Refer back to Step 5 for notes about photocopying, but remember this also:

The biggest problem you will run into at this stage is copying the wrong pages onto each other, or in the wrong orientation to each other (i.e. one is upside down). Now is not the time to quit checking your work! Check and triple-check that you have the right pages backed with the right pages, the right way around. Use your imposition guide to check the copies against.

Step 9: Collating


When you get your copies, often they will be in separate stacks of all the same pages, instead of collated sets. Here is a method for collating in an organized manner.

1. First, arrange the pages into piles that form an assembly line. Clear the space of a table or a clean spot on the floor for this. Lay out your imposition guide in the same way to make sure they are all right side up and in the right order. Your center page should be on the right, center spread of pages facing up, then the next page out, and so on.

2. Place the stack of covers on the right of the order.

3. Pick up a center page, lay it on the next page, and pick one of those up, and then the next, until you pick up a cover on the bottom of your little pile.

4. Stack the complete pile horizontally and then stack the next one vertically to keep them separated and make picking up the piles for folding and binding easier.

Step 10: Folding


OK, OK, you all know how to fold paper. But there are better and worse ways to do it, and if you want a professional-looking publication, it’s wise to use good folding technique. It’s also faster and easier.

First off, you should get yourself a bone folder. It’s a simple, inexpensive tool that will save your little fingers a lot of pain and misery. And yes, it is really made of bone. You vegans can get a plastic version, though.

Bone Folder

Step 1:
Hold your paper or stack of papers so that the inside is upwards and the future spine is facing you. Pinch it on both sides and bend the closer edge upward.

Step 2:
With your index fingers on top and your other fingers inside the book, fold the near edge over the far edge. DO NOT CREASE IT YET. Looking down on the fore edge (the part where the book will open, top of picture 2), line up the corners as accurately as possible.

Step 3:
Using your non-dominant hand (I’m a rightie, so it’s my left hand) press down on the fore edge and clamp it in place, so the corners can’t move out of alignment. Then, use the tip of your bone folder (or your finger, or a (closed) pen), put it on the rolled paper, and pull it towards you, drawing down the center of the fold, and crease just that center point.

Step 4:
Using the edge of your bone folder—and now is when you start to be really happy that you got one—put it down in that little crease in the center, and draw it out towards the corner, as well as towards you, in a sweeping motion. Remember to keep your other hand clamped down hard on the paper so it doesn’t shift.

Step 5:
Starting from the center again, crease the other side with the same kind of sweeping out-and-down motion. Voila! perfect fold.

One more thing:

If you are going to fold the paper again, there is another bone-folder trick that will come in handy.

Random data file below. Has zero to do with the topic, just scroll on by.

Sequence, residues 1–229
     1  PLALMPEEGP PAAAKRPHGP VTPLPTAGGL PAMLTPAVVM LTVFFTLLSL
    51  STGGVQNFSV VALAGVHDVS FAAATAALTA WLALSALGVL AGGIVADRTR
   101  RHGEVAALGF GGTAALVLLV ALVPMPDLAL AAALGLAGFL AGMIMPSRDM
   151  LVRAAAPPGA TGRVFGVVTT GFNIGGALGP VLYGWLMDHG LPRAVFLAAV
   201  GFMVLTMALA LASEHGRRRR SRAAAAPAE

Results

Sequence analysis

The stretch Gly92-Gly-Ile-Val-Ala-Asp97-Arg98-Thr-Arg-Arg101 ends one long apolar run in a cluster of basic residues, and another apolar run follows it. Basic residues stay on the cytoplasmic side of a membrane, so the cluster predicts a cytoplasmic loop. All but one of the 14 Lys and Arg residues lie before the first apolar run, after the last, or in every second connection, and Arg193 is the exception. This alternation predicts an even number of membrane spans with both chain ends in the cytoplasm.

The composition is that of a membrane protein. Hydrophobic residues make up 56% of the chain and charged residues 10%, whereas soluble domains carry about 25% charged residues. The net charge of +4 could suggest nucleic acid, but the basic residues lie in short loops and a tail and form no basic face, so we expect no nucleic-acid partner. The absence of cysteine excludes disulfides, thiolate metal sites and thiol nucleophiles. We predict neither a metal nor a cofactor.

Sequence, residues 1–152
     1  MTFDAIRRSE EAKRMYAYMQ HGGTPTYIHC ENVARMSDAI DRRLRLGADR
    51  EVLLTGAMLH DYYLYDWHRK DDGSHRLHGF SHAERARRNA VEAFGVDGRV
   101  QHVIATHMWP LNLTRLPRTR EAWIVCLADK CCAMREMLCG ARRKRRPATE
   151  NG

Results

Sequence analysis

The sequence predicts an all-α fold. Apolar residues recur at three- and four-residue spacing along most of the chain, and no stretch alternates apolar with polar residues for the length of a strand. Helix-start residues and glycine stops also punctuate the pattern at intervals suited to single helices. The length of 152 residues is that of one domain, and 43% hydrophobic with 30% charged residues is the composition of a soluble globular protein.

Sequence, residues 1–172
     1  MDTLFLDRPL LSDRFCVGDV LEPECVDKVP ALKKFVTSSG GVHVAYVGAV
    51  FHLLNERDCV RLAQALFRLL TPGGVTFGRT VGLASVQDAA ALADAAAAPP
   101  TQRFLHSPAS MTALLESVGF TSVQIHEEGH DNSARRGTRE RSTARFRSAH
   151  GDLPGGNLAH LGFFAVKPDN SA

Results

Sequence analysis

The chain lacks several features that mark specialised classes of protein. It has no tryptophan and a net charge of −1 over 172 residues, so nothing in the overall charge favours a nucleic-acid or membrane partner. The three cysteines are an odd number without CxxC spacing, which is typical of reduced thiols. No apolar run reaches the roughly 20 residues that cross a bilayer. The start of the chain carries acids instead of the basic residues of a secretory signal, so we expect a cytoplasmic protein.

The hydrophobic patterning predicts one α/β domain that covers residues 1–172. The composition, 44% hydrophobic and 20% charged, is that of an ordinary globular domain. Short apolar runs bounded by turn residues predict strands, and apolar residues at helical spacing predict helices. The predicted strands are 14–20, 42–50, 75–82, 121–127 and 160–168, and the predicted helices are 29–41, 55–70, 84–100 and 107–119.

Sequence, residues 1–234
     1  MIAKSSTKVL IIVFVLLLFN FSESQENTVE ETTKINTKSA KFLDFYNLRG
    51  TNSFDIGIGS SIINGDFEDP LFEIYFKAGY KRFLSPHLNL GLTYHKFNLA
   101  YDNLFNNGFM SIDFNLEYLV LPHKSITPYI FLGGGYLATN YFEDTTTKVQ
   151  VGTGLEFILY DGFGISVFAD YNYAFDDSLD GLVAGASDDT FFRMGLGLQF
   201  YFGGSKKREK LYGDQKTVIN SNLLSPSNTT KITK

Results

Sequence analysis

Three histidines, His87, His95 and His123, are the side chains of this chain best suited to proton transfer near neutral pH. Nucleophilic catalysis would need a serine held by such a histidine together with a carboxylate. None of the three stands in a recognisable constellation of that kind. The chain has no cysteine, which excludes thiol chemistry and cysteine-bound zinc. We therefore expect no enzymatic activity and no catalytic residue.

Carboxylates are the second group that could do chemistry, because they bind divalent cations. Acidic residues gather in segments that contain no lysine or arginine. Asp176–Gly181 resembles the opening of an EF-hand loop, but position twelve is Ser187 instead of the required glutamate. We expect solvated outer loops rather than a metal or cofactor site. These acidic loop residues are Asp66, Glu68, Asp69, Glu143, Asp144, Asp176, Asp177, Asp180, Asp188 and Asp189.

When you are at the “sweeping” stage, go ahead and crease the corner where the pages are open, but stop your motion when you’re working in the other direction before you get to to the corner where you are folding the already-folded edge. When you get there, you’ll see that the paper has a tendency to want to bunch up there, and wrinkle, and mess up your nice alignment (this is especially true when you’re doing a third fold). So. Put the point of your bone folder just inside the corner, press it gently into the crease, and draw it out towards you. This will help straighten out the wrinkles.

Now proceed with creasing the spine.

If the spine still doesn’t want to straighten out, before you crease it all the way you can pull it out a little and crease a little and then pull it out again, working it into the fold bit by bit. With just one sheet folded twice, or thin paper, you may not need to use this technique, but it’s very useful as the stack gets thicker.

Step 11: Binding


The easiest way to bind a comic is to staple it. There’s not a lot to explain about that, except for the fact that most minicomics (especially digest-sized and up) won’t fit into a standard stapler, so you have to use a specialized one. There are two types: a long-neck stapler, which is quite cheap, but also hard to use accurately, since it’s basically just a regular stapler with an extension on the back with an adjustable stop. Better, but also more expensive, is a “saddle stapler”, which has a shaped base to put your folded booklets on. You can often use the long-neck or saddle stapler for free at the photocopy shop where you’ve copied your pages.

Two stapling tips: Make sure the fold of the spine is centered directly under the place where the staple points come out, and make sure to use at least two staples, even on small booklets, since one staple will not give you sufficient stability. Oh, and remember that the teeth of the staple should be on the INSIDE of the comic.

OK, that’s out of the way. Now let’s talk about how, just as with every other aspect of your minicomic—shape, size, cover design—there are endless possibilities for binding. some simple ideas come immediately to mind:

  • You can run your comics through a sewing machine  (Sample from And I saw Edgar Allen Poe by David & Jerry Tompkins)
  • Use a hole punch and yarn
  • Use manufactured binding systems like sliding metal straps and things that you can get at office supply companies. Kalah Allen used brass turn buttons on her comic (Sample from: Jar of Pennies by Kalah Allen)

There are also lots of interesting traditional book bindings that do a great job on minis.

And, hey, impress us! Come up with something new!